Today’s blog post features a real photo postcard of Boar Lane in Leeds. Although the card was posted on Aug 19, 1948 I suspect the photo was taken before the Second World War.
The postcard was written by a young rail/bus/tram enthusiast to his parents in Manchester. He was a man on a mission:
“On express to Grimsby. Got Auntie up early. Thoroughly enjoyed Whitby yesterday. We are late into Grimsby. Just about to board G.8.1 Tram. Visiting depot. Have wasted exposures.
In Cleethorpes bus. Have finished with Trams. Just passing Docks Station. The fare from Grimsby to Immingham is 1/11. Not like most tramways but they have to have railway fares. Will get into Leeds at 10.20 by special train.”
One of the unfortunate consequences of searching for vintage photographs is the discovery of hundreds, if not thousands, of images of someone’s forgotten relatives.
It’s particularly sad to see a soldier’s photograph, knowing that nearly a century ago they held pride of place in homes across the country. If I’m fortunate enough to find a name or number I do my best to keep their memory alive by publishing their story online. Unfortunately sometimes there is no information to follow up.
I can’t afford to buy all of the photographs of unknown soldiers but I do rescue as many as I can. I’ve created a photo set on Flickr as a tribute to, as tens of thousands of headstones so eloquently state, “A Soldier of the Great War, Known unto God“.
The postcard featured here is of a British [Edit: Private with a Horse Artillery Unit] with two wound stripes on his left forearm. This dates the postcard to 1916 or later. He looks tired and in need of that cigarette.
This attractive billhead from the Intercolonial Railway is dated January 27, 1888 and contains a list of goods shipped to the McNair Brothers General Store in Eel Crossing, New Brunswick.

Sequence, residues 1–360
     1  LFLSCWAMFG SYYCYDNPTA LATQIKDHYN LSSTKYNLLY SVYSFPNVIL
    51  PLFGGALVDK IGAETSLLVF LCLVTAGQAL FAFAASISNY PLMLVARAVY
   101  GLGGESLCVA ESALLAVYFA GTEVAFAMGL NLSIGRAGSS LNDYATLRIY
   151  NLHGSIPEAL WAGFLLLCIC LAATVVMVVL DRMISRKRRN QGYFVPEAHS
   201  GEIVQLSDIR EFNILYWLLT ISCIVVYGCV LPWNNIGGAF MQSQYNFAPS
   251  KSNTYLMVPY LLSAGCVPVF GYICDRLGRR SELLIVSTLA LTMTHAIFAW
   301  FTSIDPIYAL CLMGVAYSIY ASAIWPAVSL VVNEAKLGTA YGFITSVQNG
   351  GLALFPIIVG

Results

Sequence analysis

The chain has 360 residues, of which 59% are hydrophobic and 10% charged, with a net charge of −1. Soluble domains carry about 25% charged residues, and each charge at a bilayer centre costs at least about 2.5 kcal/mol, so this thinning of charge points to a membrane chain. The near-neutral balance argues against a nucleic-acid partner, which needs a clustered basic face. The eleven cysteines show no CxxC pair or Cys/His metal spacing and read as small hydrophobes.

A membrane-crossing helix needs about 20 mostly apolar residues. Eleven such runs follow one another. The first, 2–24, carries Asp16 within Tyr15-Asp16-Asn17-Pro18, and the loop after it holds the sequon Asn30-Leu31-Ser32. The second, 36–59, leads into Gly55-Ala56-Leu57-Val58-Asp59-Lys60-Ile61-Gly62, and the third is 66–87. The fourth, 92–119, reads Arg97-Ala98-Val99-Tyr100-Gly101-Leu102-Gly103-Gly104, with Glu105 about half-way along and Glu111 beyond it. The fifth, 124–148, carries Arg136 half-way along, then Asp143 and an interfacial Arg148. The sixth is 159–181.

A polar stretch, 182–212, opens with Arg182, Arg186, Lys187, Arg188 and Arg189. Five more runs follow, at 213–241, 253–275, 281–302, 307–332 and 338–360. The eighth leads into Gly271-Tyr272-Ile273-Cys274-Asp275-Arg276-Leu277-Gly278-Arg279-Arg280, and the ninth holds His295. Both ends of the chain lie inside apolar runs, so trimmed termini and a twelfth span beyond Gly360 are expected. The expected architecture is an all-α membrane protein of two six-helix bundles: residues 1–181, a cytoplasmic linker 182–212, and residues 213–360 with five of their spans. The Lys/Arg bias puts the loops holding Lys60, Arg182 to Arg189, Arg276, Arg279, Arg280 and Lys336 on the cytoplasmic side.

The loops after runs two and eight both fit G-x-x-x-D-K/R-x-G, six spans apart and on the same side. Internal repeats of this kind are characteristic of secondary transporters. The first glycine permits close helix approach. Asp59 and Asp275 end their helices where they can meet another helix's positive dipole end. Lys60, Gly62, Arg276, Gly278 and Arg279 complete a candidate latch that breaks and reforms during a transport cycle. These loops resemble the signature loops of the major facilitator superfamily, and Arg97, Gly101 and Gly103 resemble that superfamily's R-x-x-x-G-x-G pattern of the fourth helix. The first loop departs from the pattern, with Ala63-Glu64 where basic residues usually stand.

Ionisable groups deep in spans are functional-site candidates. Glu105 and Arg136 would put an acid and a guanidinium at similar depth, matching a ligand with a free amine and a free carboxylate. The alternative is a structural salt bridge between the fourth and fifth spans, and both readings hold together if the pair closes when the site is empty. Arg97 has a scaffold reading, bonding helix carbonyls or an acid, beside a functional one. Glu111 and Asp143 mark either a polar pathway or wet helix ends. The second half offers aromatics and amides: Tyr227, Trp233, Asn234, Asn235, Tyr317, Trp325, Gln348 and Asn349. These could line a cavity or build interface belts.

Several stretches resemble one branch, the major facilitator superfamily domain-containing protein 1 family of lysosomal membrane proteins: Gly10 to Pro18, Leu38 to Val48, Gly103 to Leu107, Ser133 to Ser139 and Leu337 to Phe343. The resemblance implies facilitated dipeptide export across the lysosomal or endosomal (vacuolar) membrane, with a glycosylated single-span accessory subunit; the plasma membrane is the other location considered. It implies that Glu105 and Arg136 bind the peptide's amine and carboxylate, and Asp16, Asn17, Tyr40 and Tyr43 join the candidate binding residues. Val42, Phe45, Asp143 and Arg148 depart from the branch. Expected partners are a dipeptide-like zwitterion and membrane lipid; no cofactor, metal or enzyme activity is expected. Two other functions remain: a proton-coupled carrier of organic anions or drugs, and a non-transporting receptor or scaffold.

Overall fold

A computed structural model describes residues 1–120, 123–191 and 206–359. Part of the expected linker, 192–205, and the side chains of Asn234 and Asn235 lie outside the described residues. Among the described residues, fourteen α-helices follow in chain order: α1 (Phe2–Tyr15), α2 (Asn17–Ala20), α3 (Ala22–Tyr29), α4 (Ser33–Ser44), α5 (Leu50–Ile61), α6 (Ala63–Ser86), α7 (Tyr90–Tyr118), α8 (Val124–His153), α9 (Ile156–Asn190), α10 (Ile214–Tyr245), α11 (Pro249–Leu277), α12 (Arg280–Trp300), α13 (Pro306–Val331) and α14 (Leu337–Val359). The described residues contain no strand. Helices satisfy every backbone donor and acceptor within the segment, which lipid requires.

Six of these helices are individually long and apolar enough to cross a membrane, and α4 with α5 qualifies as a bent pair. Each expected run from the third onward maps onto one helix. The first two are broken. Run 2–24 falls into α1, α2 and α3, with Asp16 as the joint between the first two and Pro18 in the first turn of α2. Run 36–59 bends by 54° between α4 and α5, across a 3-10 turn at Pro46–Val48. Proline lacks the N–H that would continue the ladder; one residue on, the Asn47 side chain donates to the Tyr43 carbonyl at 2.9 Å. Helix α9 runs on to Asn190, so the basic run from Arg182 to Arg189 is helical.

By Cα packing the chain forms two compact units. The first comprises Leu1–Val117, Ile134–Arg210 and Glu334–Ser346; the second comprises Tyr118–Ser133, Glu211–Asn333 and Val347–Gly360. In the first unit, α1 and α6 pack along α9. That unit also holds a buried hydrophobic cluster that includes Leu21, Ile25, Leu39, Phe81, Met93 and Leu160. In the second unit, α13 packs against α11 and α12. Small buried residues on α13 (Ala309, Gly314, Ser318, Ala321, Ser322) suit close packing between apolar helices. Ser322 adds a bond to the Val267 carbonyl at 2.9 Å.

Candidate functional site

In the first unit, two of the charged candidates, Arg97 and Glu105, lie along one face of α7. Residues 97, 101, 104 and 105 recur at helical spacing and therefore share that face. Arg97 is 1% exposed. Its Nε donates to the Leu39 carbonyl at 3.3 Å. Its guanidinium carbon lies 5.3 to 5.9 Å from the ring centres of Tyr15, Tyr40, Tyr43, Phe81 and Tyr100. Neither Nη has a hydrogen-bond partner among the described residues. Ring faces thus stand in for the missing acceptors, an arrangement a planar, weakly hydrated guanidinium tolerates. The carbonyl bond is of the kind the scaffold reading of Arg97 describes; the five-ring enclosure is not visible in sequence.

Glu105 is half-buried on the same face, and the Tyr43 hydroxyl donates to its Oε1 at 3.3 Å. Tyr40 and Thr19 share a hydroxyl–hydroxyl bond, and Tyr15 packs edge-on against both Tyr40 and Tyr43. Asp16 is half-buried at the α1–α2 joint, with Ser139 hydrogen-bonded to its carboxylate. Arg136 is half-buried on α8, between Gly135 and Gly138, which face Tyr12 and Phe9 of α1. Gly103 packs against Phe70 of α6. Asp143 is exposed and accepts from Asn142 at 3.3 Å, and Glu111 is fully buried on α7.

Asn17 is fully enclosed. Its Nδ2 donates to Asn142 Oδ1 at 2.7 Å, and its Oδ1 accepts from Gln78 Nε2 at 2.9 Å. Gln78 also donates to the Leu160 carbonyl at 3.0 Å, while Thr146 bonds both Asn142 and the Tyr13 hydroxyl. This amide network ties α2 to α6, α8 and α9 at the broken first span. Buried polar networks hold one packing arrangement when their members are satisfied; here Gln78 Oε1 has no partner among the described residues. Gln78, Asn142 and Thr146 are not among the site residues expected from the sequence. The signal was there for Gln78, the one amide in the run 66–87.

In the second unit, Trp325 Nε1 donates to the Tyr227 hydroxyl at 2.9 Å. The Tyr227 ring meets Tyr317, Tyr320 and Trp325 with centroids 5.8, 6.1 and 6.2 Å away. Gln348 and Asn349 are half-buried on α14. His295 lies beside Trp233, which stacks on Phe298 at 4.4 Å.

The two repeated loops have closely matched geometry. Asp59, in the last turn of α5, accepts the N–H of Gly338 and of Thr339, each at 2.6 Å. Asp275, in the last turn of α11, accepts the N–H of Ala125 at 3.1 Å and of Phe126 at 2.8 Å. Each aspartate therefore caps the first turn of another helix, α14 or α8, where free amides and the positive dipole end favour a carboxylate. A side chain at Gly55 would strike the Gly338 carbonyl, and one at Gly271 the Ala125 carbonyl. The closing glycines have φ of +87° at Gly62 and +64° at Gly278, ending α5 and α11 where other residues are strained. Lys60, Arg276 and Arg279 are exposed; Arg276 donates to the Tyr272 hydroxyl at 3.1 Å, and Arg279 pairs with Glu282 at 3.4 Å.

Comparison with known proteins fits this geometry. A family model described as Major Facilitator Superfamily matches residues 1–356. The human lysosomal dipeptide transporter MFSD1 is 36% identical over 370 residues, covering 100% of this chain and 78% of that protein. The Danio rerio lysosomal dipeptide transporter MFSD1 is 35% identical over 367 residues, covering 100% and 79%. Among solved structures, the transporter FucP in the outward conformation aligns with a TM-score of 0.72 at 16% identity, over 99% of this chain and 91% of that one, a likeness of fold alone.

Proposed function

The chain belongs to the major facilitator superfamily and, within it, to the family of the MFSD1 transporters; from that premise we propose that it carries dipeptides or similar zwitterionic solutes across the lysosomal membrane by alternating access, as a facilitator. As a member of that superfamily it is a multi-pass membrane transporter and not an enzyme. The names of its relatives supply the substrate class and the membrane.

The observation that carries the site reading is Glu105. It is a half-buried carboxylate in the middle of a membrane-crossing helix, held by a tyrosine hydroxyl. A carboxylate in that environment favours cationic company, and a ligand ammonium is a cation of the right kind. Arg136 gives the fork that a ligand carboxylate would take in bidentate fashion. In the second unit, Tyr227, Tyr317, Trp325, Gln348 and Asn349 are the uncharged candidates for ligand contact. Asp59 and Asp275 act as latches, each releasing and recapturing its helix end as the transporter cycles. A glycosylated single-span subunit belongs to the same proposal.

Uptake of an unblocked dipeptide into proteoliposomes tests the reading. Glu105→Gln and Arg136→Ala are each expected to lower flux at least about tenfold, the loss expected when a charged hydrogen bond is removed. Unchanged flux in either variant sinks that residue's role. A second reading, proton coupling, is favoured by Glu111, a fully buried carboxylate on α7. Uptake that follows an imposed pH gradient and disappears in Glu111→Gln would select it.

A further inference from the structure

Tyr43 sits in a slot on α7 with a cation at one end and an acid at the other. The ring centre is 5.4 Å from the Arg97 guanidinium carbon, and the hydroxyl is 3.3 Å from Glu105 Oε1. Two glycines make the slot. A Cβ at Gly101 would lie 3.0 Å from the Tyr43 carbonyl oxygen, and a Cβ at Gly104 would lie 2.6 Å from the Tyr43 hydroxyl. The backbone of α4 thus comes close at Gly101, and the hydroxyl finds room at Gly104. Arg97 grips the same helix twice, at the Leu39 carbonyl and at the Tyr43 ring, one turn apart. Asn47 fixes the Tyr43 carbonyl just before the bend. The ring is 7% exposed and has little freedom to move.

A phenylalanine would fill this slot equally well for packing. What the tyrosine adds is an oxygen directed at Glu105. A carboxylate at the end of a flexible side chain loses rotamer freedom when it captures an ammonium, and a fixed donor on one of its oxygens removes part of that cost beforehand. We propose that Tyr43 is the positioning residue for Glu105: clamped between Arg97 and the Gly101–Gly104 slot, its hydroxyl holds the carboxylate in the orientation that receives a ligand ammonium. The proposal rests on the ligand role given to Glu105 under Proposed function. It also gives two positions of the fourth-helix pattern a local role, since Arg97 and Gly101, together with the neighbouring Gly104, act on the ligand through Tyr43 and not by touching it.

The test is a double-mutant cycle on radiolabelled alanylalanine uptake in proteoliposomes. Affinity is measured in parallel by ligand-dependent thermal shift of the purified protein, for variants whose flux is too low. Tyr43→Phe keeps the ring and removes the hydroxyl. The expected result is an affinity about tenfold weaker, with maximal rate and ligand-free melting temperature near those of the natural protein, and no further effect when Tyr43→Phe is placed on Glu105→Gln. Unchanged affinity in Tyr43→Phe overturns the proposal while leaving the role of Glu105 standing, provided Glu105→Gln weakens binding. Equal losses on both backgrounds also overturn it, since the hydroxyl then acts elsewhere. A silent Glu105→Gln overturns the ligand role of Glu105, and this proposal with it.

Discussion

The McNair Brothers, James, William, Robert and David were 4 of 10 children born in New Brunswick to Scottish immigrants. In addition to the General Store the brothers also operated a lumber mill which burnt to the ground in 1889. By 1892 James and his brother Robert were on the west coast and had constructed a small shingle mill at Hastings. Ten years later they constructed a new shingle mill – the largest in the world – and went on to become significant figures in BC lumbering history.
The Intercolonial Railway ran from Montreal to Halifax and officially began operation in 1872 but it’s name implies its’ origins are much older, and indeed they were. Connecting the colonies of Upper and Lower Canada with those on the Atlantic Coast were top of mind after the War of 1812 and security concerns were raised again during the US Civil War. The name stuck despite the company beginning operations five years after Confederation and remained intact until the railway was taken over by the Canadian National Railway in 1918.
This is a very nice late 1940’s real photo postcard showing downtown Fort MacLeod in Alberta. The postcard credits the photograph to “Kingston” but the card was published by Rumsey & Co. Ltd in Toronto.
It’s been over 60 years since this photograph was taken but as you’ll see by the Streetview image on Historypin the street-scape is remarkably intact. The Queen’s Hotel still stands on one corner and the Rexall Pharmacy across the street is still there too, although it has moved a few doors down. The Canadian Bank of Commerce that dominated the other corner is close by too. Just spin the Streetview image around and you’ll see the bank is now housed in a smaller building just across the street. Perhaps most impressive of all is the fact that the Empress Theatre, despite all the changes to cinemas over the years, can still be found down the street on the left. Check out this century old theatre’s website (complete with soundtrack)!